In a bid to resolve the bloody Afghan crisis, the representatives of Afghanistan, China, Pakistan and the United States will meet in Oman next week to discuss reviving peace talks with Afghan Taliban. But it was not clear if Afghan Taliban representatives would join the talks. According to Taliban sources they had not yet received an invitation and plan to skip Monday’s discussions in Muscat, casting doubt on efforts to revive long-stalled negotiations. The four-nation Quadrilateral Coordination Group (QGC), comprising these countries has been trying to ease the path to direct talks between the Afghan government and the Taliban, with little success. The Taliban, ousted in a U.S.-led military intervention in 2001, has been gaining territory in recent years through a violent insurgency to try to topple Afghanistan’s Western-backed government and re-establish their regime.
A senior Pakistani foreign ministry official confirmed the talks would take place on Oct 16. Last week, Foreign Minister Khawaja Asif told Voice of America the “quadrilateral arrangement will again be in operation” in Muscat in October. The U.S. embassy in Islamabad did not comment for the report. Talks and efforts to kick start negotiations have failed following the 2015 announcement of the death of the Taliban’s founder and long-time leader, Mullah Mohammed Omar, in 2013. According to Amin Waqad, a close aide to Afghan President Ashraf Ghani and a senior member of the High Peace Council (HPC), HPC and government representatives will participate, and it is an important one because the Taliban representatives will be there. We will go with a clear plan. Two senior Afghan Taliban leaders, speaking on condition of anonymity, told Reuters news agency the group’s leadership council met on Tuesday and decided it would not send a delegation to Muscat even if the group was invited to participate.
These talks are being held at a time when Pakistan’s Interior Minister Ahsan Iqbal is in America and he told there on Tuesday that his country shared the international community’s concerns about the instability in Afghanistan, which continued to spill over into Pakistan. Pakistan desired peace in Afghanistan and would thus support any effort to political reconciliation in Afghanistan, which was the only viable path towards obtaining lasting peace in the region. He was of the view that blaming Pakistan for the security failures in Afghanistan was unhelpful as well as offensive to the people, whose sacrifices in the fight against terrorism were without parallel in the region. The minister reaffirmed Pakistan’s readiness to work with the US as a partner for achieving peace and security in the region and urged that seeing the region from the prism of third country would compound the situation for anyone. Pakistan desires a broader and comprehensive partnership with the US, beyond security and particularly in the education sector.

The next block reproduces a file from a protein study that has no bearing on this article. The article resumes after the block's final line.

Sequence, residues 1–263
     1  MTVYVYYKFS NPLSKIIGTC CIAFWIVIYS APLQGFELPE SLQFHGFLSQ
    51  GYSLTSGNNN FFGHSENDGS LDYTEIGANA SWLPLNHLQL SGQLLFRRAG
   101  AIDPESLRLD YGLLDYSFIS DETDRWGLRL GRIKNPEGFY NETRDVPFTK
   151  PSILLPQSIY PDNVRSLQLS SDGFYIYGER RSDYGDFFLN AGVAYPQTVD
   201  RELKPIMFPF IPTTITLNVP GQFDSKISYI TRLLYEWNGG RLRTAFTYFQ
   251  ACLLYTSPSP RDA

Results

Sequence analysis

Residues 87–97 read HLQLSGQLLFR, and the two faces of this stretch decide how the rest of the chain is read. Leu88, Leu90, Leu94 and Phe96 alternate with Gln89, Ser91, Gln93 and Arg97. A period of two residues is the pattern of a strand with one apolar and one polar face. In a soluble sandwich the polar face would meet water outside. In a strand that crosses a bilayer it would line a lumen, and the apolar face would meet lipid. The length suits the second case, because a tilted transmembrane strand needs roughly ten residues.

The diplomatic move from the US is reportedly speeded up as US Secretary of State Rex Tillerson will visit to India, Pakistan in one trip later this month. The modalities of the visit and the dates are still being discussed. Tillerson will become the fourth senior U.S. official to visit New Delhi after the Trump administration took over. National Security Advisor H.R. McMaster arrived in April, Alice Wells, Washington’s top official for South and Central Asia, in July, and Defence Secretary James Mattis in September. Significantly, as Mr. McMaster and Ms. Wells, Mr. Tillerson is expected to travel to both India and Pakistan on the same visit, indicating a sharp shift from precedent. During the Bush and Obama administrations, U.S. officials avoided clubbing visits to New Delhi and Islamabad because of India’s sensitivities over a “hyphenation” of the U.S.’s relations with India and Pakistan.
The U.S. Secretary of State’s visit to India is likely to highlight growing ties between New Delhi and Washington, and greater cooperation on Afghanistan. This follows President Trump’s announcement of his new South Asia policy, which has encouraged India to invest more in development projects in Afghanistan, while taking a much tougher line on Pakistan’s support to terror groups. Among steps the U.S. is believed to be considering against Pakistan is the cancellation of its Non-NATO ally status, further cuts to military and civilian aid to Pakistan, as well as targeted sanctions against officials believed to have links with terror groups.
However, while India has welcomed the U.S.’s avowed hard line on Islamabad, many may look askance at the newly revived policy of senior officials visiting both India and Pakistan on the same trip, which in the past gave the appearance of the U.S. “mediating” between the two countries. Statements earlier this year by U.S. envoy to the United Nations suggesting that Washington was prepared to mediate to “de-escalate the India-Pakistan conflict”, as well as Mr. Tillerson’s suggestion that “India take some steps of rapprochement on issues with Pakistan” — in a reference to Kashmir — have added to the disquiet. The Trump administration’s decision to merge the Af-Pak. desk (office of the Special Representative on Afghanistan and Pakistan) with that handling Central and South Asia has also been seen as another step towards rehyphenating India and Pakistan with a view to handling South Asia.